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Saturday, July 13, 2019

Snigur Defeats Noel for Wimbledon Girls Title; Broadus and Forbes, Nanda Reach Doubles Finals; Boys Championship Match Between Mochizuki and Gimeno Valero Set for Sunday

©Colette Lewis 2019--

Although she loves the grass, Daria Snigur acknowledged her nervousness when she stepped out on Court 1 for the Wimbledon girls final on a warm and sunny Saturday afternoon at the All England Lawn and Tennis Club.

The 17-year-old Ukrainian certainly looked less comfortable than she had throughout the week, falling behind No. 10 seed Alexa Noel 4-1 in the opening set, as double faults and unforced errors allowed the 16-year-old American the space she needed to use her eclectic game. But Snigur adjusted, eliminating her errors and coming up big on key points to claim a 6-4, 6-4 victory, joining Kateryna Bondarenko as her country's only Wimbledon girls champions.

Snigur, who had defeated Noel 6-1, 6-2 last Friday in the final of the ITF Grade 1 in Roehampton, saved three break points at 3-4 in the first set to pull even, then broke Noel and served out the set.  The pattern repeated in the second set, with Snigur momentarily reverting to her form early in the first set, with unforced errors giving Noel a 2-0 lead. But as quickly as her game evaporated, it returned, with a love hold cutting Noel's lead to 3-1. A net cord winner and two unforced errors got Snigur the break back, and although Noel took a 4-3 lead, Snigur dug back in, holding, then breaking at love to go up 5-4.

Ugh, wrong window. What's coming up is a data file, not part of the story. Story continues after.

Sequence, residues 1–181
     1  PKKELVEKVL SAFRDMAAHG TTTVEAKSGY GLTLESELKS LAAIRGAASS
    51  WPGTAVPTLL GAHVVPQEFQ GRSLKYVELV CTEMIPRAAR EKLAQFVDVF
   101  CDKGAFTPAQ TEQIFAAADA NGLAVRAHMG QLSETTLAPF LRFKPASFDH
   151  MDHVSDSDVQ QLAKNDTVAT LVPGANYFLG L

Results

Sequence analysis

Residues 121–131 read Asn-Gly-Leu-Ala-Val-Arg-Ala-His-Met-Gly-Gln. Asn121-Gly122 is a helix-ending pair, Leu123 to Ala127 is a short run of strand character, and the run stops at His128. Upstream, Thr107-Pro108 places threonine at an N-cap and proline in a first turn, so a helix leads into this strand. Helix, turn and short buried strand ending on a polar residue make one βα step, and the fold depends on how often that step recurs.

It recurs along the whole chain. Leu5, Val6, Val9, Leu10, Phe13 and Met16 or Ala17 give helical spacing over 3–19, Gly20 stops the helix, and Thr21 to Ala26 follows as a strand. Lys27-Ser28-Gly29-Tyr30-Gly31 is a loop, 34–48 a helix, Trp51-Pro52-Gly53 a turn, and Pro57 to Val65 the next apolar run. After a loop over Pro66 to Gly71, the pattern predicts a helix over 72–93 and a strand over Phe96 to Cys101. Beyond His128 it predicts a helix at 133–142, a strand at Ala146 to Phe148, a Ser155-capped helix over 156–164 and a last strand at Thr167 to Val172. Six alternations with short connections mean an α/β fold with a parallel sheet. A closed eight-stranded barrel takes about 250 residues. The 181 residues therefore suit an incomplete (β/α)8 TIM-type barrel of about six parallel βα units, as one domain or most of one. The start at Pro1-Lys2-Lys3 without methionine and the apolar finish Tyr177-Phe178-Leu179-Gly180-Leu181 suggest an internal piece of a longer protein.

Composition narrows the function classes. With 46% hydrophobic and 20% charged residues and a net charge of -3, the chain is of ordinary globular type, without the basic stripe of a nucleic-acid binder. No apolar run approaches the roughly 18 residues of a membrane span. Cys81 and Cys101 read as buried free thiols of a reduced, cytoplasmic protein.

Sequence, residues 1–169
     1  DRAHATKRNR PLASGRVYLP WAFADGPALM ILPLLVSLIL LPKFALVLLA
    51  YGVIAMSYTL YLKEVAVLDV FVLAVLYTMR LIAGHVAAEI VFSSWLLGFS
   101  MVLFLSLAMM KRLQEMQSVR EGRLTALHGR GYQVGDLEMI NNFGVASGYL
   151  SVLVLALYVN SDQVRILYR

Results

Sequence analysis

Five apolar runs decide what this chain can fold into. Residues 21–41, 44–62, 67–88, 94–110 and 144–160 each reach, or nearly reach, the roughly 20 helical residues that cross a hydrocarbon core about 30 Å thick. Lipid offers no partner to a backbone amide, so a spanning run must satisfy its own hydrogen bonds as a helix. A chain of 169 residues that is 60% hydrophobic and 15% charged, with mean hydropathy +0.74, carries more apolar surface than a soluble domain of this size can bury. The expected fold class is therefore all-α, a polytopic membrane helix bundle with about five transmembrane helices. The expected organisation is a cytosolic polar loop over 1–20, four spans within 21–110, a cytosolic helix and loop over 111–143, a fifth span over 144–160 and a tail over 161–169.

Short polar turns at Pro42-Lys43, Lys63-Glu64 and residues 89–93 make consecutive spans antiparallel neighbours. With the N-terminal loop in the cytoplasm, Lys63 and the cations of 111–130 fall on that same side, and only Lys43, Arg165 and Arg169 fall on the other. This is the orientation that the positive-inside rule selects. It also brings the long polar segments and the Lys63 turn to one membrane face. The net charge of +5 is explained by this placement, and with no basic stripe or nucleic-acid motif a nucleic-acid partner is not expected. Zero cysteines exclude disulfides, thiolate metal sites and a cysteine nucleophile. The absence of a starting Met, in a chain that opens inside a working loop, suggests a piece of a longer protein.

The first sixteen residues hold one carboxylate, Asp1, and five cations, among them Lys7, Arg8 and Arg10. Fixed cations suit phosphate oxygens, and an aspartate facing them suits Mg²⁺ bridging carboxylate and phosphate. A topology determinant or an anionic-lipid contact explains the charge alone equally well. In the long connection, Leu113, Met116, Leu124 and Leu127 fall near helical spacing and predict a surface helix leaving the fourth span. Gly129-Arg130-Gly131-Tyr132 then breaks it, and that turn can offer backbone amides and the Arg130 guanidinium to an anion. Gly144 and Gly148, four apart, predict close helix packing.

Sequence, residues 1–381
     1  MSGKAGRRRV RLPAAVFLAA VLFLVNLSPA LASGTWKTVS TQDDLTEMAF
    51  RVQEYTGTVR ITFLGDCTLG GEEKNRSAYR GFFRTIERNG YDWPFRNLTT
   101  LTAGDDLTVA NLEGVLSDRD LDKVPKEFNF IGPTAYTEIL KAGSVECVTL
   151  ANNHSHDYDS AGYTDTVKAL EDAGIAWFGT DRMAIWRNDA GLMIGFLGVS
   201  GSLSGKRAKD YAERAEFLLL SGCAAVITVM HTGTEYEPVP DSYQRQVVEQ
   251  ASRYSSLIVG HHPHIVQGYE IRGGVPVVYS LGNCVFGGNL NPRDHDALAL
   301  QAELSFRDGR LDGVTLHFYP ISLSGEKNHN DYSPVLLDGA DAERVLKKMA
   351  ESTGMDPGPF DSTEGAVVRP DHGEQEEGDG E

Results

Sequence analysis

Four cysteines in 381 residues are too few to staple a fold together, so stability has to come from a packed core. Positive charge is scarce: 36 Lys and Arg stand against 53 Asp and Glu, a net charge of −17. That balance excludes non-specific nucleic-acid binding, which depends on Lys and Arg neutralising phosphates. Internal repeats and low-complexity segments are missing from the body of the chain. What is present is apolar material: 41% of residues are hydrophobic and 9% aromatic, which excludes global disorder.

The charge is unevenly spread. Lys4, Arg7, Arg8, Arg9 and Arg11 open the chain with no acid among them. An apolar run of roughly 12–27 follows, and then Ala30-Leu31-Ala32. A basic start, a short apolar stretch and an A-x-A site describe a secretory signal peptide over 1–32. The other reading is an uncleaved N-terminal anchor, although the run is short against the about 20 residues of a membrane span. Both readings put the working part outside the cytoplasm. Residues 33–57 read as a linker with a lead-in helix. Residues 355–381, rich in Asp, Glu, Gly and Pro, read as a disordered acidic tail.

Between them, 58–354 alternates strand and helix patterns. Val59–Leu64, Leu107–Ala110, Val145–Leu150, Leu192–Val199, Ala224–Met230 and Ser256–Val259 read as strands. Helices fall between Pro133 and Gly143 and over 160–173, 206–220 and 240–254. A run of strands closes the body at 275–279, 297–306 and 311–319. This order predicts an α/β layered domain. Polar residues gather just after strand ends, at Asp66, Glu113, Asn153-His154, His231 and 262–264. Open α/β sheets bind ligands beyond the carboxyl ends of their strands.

Serving for the match, Snigur had no trouble holding, converting her first match point with a backhand winner, then falling to her knees. The crowd, which continued to fill the stands throughout the match and probably numbered eight or nine thousand, applauded warmly for both players, although they might have been wishing for a third set. After shaking hands, Snigur sprinted to the players box to embrace her father before collecting her winner's trophy.

Snigur said she was not interested in getting into a slicing battle with Noel, admitting that she does not like to play the American.

"It's a very hard game for me, because I don't like when she play all time slices," Snigur said. "But I must to play, because it's finals, Wimbledon, I don't have my choice. I tried to push the ball, I don't want to play slice on slice. I must push the ball."

By push, Snigur meant drive, and Noel explained why Snigur is so good on grass in particular.

"She's a very good player," Noel said. "She's super deceiving and she loves her backhand. She can hit her backhand from anywhere on the court. She was even running to the deuce side to get backhands. She kind of acts, in my opinion, she's not super high energy, not crazy intense, and she doesn't look like she moves, but when she gets on court when we're playing, she does."

And while Noel's varied and slice-heavy game is a nightmare for most players, Noel feels the same way about Snigur's style.